Wealthy countries should pay more for lifesaving drugs: Mahidol Awardee
January 30, 2013 00:00 By PONGPHON SARNSAMAK
Rich countries should pay more for new drugs and poor countries less - to enable pharmaceutical firms to help people in developing countries get easier access to life-saving drugs, according to one recipient of this year's Prince Mahidol Award.
“In principle, it is not easy to do but I believe that we need to do that – the richest countries should pay more for new drugs,” Sir Michael Rawlins, founding chairman of Britain’s National Institute for Health and Clinical Excellence (NICE), said yesterday.
He spoke at a press conference organised by the Prince Mahidol Award Foundation at Mahidol University’s Faculty of Medicine at Siriraj Hospital.
Rawlins, the recipient of the award in the field of medicine, will received the prestigious honour along with Dr Uche Veronica Amazigo, former director of the World Health Organisation’s African Programme for Onchocerciasis Control, from Her Royal Highness Princess Maha Chakri Sirindhorn. The Princess was designated by His Majesty the King to preside over the ceremony for the Prince Mahidol Award 2012 at the Chakri Throne Hall today. Each awardee will receive a medal, a certificate and close to Bt3 million (US$100,000).
Rawlins is seen as a pioneer in use of scientific and clinical-based evidence to evaluate the efficiency and worthiness of drugs, medical procedures and instruments before they are implemented.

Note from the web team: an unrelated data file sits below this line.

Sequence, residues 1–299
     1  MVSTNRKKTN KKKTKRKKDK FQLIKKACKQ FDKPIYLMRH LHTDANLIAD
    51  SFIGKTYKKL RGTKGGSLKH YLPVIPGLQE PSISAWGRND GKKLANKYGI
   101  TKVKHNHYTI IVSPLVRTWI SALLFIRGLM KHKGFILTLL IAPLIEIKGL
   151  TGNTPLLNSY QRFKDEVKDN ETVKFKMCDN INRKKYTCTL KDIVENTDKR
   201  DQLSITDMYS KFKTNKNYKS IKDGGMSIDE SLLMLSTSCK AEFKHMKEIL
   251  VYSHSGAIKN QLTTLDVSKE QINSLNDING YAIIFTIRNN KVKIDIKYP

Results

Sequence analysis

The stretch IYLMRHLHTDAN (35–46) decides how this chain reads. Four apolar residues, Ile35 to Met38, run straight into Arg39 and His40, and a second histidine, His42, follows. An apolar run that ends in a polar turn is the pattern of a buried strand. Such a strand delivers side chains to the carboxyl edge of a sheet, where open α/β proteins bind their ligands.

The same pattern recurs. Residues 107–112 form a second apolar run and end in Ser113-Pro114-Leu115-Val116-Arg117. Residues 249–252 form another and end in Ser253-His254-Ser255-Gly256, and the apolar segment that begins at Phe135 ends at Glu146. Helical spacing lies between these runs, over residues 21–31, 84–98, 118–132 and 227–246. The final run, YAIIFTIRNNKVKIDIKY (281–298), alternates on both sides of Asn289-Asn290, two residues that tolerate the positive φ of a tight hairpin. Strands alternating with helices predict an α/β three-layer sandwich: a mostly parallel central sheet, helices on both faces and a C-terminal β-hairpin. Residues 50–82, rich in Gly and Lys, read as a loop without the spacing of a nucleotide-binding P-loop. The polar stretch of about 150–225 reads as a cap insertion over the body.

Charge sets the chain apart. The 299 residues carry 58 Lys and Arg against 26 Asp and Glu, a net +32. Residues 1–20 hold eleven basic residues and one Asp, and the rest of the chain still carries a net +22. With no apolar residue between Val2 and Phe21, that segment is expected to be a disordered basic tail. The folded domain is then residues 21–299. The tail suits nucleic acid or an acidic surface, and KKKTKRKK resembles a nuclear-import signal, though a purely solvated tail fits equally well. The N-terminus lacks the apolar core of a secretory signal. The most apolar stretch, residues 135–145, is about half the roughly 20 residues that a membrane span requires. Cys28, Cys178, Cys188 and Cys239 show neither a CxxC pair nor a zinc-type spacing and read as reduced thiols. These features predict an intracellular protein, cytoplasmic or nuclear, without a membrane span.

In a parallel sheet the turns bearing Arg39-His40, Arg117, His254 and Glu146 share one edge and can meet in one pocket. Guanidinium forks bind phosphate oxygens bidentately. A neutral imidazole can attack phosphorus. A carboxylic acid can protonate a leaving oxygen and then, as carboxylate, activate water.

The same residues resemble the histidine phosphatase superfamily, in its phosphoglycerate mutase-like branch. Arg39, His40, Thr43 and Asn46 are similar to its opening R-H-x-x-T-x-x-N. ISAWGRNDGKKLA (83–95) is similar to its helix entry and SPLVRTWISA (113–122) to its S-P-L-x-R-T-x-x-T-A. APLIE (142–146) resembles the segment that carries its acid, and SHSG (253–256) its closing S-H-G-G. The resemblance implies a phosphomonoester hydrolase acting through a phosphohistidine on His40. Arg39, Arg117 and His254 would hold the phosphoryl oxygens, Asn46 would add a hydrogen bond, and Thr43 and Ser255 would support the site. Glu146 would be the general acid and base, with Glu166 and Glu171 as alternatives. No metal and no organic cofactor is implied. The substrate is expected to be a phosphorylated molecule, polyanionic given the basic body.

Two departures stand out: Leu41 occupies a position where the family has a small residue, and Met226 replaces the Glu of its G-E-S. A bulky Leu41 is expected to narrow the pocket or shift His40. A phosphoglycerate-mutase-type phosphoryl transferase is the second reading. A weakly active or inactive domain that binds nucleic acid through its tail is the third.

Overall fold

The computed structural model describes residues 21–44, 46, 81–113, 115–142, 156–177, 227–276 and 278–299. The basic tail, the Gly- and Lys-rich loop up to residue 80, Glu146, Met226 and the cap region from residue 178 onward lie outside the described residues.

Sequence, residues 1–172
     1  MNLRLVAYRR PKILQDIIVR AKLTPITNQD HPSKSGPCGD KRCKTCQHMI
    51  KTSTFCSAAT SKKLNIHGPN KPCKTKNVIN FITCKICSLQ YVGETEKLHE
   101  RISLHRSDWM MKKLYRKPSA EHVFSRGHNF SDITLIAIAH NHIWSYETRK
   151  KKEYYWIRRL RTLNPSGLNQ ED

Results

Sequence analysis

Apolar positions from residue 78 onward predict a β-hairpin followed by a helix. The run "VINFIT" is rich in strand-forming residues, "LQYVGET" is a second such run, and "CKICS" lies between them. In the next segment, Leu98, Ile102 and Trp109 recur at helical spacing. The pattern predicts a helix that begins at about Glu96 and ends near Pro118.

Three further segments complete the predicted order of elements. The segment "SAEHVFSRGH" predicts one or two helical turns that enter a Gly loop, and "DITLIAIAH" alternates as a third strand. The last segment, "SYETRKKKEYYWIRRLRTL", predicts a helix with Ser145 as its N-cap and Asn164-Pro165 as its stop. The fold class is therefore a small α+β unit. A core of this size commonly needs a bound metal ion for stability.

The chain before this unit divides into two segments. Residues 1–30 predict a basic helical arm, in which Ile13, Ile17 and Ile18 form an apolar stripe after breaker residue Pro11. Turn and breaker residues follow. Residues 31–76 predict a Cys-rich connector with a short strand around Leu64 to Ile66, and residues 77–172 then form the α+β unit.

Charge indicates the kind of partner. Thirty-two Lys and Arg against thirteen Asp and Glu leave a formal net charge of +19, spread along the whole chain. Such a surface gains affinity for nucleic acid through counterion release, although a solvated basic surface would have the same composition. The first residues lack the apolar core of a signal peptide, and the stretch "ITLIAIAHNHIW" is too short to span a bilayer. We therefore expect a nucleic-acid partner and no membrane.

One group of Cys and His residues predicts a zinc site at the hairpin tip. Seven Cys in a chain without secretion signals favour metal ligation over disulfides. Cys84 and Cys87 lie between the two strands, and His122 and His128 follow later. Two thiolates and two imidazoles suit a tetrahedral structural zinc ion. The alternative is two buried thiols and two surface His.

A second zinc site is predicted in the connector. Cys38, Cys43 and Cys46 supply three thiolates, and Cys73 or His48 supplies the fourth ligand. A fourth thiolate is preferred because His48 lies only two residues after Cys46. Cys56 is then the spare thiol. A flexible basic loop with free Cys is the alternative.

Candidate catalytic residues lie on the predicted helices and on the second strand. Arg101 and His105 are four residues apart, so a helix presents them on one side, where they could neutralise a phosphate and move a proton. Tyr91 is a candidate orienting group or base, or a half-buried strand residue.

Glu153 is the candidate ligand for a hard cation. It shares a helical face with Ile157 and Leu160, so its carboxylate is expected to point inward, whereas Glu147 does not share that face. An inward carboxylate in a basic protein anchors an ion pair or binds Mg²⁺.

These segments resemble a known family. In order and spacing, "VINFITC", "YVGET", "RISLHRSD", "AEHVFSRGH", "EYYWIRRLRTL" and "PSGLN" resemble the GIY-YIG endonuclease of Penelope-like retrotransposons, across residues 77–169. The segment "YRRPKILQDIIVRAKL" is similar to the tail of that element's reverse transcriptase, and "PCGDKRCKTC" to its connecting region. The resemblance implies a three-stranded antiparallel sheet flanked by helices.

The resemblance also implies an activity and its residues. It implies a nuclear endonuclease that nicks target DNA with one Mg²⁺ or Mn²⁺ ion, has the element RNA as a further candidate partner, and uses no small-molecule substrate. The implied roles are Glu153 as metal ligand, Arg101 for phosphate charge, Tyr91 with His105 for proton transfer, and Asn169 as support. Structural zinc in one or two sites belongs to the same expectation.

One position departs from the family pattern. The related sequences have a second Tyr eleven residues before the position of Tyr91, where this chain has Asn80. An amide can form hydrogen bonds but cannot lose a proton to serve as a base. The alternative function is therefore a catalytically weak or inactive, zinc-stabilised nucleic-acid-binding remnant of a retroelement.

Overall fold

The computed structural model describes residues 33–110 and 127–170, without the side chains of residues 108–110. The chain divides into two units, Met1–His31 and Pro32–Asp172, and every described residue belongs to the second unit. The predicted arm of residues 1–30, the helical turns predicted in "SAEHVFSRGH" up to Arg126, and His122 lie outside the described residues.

His contribution helped patients achieve the highest attainable standard of healthcare and cost efficiency throughout the United Kingdom. Moreover, key elements of NICE have had a significant impact on healthcare policy and been adopted by various countries including Thailand.
For Rawlins, a balance has to be sought between a patient’s ability to access life-saving drugs and drug makers’ profits. He said even though “Big Pharma” needs to make money when introducing a new drug into the market, they must also think about moral principles and take responsibility to help people access essential medicine.
He gave an example of a UK drug-maker that distributed a large amount of medicine to treat Onchocerciasis in Africa free of charge to save millions of lives. But to do that, drug companies must make significant profit before they will contribute to society.
In the UK, he said there was no mechanism to directly control the price of drugs but health agencies such as NICE would negotiate with drug-makers to cut the cost of medicine to a satisfactory level.
However, negotiations over drug prices alone would not help people, especially those living in remote areas, get access to medicines.
Amazigo said the participation of communities to design a drug distribution system would be key in helping to save people from severe illnesses like Onchocerciasis, or “river blindness”.